Note: This blog was originally published by Sourcing Journal on 20 March 2023.
As the U.S. prepares to host the second Summit for Democracy on March 29-30, it’s a good time to evaluate the ways U.S. multinational corporations (MNCs) can impact democratic spaces around the world. The Biden Administration has recognized the importance of broad civic freedoms and the role of trade unions through the Multilateral Partnership for Organizing Worker Empowerment, and Rights (M-POWER). Now it needs policies that incentivize corporations to engage meaningfully with national trade unions and NGOs advocating for workers in their supply chains.
Business and human rights discussions frequently focus on MNCs’ supply chain monitoring efforts or the need for supplier governments to reform their laws, but neither can work without social movements on the ground to provide a counterbalance and a check on those initiatives. Having spent decades supporting worker organizers in Latin American and Asian export industries, I recently took a deeper look at how they leverage supply chain campaigns to advance their priorities.
In “Local Voices, Global Action: Transnational Organizing in Apparel Supply Chains,” I drew on a series of deep-dive interviews with Kalpona Akter from the Bangladesh Center for Worker Solidarity (BCWS) and Tola Moeun from the Center for Alliance of Labor and Human Rights (CENTRAL) in Cambodia, as well as dozens of other apparel worker advocates. By tracing the transnational organizing that enabled breakthrough agreements in the apparel industry, the report illustrates how worker-driven, enforceable agreements have proven effective compliance drivers and could also foster ongoing social dialogue—a critical ingredient to the practice of democracy.
U.S. apparel brands and retailers have stood up to authoritarian regimes on multiple occasions, withholding business from a repressive regime in Uzbekistan or writing letters advocating stronger labor laws in Cambodia. Although positive, these initiatives need to become systemic, corporate practices across multiple industries. Currently, investor demands for continually increasing profit margins drive MNCs’ perpetual search for lower-priced goods, which triggers a repressive cycle. Supplier country governments courting international business prioritize maintaining labor peace, often restricting independent union organizing as well as political reformers that may challenge the government’s approach.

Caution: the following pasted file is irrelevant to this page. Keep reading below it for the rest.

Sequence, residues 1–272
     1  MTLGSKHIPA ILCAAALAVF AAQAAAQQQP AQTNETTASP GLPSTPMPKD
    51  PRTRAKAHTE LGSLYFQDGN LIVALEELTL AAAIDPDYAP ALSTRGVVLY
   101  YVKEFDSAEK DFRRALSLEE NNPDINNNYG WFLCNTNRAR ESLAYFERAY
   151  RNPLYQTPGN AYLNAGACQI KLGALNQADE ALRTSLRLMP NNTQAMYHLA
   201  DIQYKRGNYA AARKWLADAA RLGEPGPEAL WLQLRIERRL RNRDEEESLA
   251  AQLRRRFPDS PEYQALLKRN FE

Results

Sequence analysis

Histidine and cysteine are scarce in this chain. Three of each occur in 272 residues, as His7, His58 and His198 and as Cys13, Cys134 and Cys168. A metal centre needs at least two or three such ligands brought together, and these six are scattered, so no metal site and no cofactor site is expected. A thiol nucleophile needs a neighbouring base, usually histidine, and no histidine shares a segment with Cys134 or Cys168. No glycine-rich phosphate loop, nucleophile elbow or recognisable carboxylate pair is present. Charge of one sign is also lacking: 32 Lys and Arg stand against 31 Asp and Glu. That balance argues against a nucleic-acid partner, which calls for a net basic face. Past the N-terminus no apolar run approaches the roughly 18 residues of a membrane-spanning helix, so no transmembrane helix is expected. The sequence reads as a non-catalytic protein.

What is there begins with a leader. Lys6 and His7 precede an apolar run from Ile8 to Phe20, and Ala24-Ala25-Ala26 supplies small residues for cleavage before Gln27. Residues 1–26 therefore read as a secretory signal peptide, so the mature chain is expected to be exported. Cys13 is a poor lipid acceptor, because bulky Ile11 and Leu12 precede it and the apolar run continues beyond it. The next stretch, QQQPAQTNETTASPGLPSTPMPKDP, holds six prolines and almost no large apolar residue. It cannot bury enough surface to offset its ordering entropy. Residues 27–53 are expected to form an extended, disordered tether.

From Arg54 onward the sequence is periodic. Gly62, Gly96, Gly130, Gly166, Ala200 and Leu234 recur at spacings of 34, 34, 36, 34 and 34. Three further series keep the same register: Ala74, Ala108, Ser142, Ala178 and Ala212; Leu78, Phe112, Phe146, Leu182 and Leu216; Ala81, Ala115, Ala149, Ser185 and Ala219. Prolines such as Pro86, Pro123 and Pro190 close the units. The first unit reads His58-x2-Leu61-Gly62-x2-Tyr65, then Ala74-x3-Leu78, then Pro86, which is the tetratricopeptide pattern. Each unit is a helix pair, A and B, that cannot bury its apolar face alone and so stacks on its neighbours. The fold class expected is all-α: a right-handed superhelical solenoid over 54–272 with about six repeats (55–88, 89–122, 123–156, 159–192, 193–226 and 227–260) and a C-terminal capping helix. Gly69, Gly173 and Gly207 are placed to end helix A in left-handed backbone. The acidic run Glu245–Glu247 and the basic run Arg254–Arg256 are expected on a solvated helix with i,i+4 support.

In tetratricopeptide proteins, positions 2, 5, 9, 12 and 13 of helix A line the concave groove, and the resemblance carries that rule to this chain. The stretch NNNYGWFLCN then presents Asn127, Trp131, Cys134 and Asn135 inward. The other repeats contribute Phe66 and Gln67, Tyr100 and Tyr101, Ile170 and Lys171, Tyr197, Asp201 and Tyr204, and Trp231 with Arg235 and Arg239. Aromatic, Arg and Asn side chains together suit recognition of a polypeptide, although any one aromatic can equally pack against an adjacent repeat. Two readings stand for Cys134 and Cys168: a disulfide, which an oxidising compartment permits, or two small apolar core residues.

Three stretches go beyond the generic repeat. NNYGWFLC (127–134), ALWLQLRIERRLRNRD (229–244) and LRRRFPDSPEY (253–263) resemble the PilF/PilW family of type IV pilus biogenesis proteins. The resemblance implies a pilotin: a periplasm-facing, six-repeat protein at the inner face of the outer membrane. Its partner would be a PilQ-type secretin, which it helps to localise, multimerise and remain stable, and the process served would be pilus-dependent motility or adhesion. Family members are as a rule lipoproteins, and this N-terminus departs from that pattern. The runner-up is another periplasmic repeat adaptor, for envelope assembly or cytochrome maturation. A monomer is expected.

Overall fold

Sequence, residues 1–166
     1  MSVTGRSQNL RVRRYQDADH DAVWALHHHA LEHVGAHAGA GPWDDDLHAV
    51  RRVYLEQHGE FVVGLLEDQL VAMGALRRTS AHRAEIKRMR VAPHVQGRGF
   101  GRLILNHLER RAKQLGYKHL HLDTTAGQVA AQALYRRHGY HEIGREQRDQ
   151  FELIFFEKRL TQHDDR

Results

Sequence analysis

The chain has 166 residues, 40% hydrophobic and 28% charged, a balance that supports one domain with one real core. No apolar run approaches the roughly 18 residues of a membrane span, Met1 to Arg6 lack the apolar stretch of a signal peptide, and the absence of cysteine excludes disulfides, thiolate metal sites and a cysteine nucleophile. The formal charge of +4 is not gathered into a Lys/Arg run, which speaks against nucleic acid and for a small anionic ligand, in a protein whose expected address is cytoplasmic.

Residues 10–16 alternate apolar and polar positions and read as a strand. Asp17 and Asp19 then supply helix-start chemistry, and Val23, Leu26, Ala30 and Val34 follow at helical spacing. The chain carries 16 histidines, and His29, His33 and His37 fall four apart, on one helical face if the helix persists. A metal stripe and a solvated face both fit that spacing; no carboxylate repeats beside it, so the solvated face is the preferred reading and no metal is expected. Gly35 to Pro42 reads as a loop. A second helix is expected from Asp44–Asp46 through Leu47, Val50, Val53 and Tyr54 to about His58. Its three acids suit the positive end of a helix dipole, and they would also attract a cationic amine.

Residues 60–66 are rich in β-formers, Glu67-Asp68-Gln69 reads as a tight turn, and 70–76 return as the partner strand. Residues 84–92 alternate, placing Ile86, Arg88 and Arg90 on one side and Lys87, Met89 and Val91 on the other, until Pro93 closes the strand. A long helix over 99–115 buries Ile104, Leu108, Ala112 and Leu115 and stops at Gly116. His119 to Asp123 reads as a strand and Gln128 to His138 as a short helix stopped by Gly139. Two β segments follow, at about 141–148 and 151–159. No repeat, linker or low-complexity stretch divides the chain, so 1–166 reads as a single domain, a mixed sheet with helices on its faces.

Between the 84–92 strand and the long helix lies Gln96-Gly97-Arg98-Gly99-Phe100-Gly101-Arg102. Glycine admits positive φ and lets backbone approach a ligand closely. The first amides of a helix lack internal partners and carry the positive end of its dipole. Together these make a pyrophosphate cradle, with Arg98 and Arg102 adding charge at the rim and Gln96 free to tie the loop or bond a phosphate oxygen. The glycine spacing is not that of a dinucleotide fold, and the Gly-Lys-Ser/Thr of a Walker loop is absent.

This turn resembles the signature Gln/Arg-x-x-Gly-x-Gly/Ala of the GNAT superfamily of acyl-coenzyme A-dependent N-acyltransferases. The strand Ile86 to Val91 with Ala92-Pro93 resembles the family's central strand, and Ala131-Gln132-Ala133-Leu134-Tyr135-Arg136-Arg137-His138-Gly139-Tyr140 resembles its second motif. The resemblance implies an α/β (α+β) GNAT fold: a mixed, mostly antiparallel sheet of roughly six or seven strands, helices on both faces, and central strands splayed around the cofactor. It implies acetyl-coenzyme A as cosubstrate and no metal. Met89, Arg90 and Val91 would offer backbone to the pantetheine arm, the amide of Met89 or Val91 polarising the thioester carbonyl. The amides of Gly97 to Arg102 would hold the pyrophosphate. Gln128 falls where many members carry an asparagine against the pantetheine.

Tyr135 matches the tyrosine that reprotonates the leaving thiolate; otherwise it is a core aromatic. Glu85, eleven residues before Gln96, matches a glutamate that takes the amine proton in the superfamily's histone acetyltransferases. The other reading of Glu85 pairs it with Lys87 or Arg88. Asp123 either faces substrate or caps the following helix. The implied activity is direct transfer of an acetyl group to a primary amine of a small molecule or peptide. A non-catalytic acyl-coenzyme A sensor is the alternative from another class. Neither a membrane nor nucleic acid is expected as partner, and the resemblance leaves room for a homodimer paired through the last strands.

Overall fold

A growing number of European laws require companies to conduct human rights due diligence (HRDD) to identify and mitigate the human rights risks in their supply chains but these laws are largely driving more business towards social auditors and voluntary certification programs. HRDD needs to look beyond factory inspections and include an analysis of how the legal environment enables—or disables—workers’ rights. Without addressing that environment, corporate compliance programs are like a dog chasing its tail; no matter how they stretch to improve audits, there’s always a larger force pulling away workers’ rights.
If companies want to address closing civic space in a meaningful way, they need to consider how they engage and negotiate with worker organizations and their representatives. Refusing to negotiate solutions with independent trade union representatives effectively echoes the national business and political leaders that would like them silenced. HRDD cannot be a one-off process. It needs to be an ongoing effort, to engage in dialogue with independent trade unions and organizations like CENTRAL and BCWS to address systemic problems and crises, like the pandemic, when they emerge.
More effective corporate accountability requires three elements: corporations committed to the rule of law, effective regulatory incentives, and free and independent trade unions able to monitor and support workers’ access to remedy. U.S. MNCs that engage in dialogue with international and independent trade unions—through worker-driven agreements such as the Bangladesh Accord, the Dindigul Agreement in India, or the Lesotho Agreement—will signal the importance of these worker advocates and be able to address problems as they arise.
Current efforts to revise the U.S. National Action Plan for business and human rights is a critical opportunity to create incentives for U.S. MNCs to level up their respect for and engagement with trade unions and worker advocates. The U.S. has powerful trade laws such as the Tariff Act to hold up goods at port made with forced labor or the Global Magnitsky Act to punish corrupt suppliers. These laws create indirect pressure on brands and retailers to monitor their supply chains, but they stop short of requiring due diligence and reporting. Greater transparency requirements and incentives for U.S. MNC commitments to worker-driven agreements would reward those companies going beyond factory monitoring to address the root causes of rights violations.
Well-known brands and retailers are de facto American emissaries when they do business abroad. Their potential to foster meaningful and ongoing dialogue with worker advocates remains largely untapped but could prove essential to building and preserving democratic space.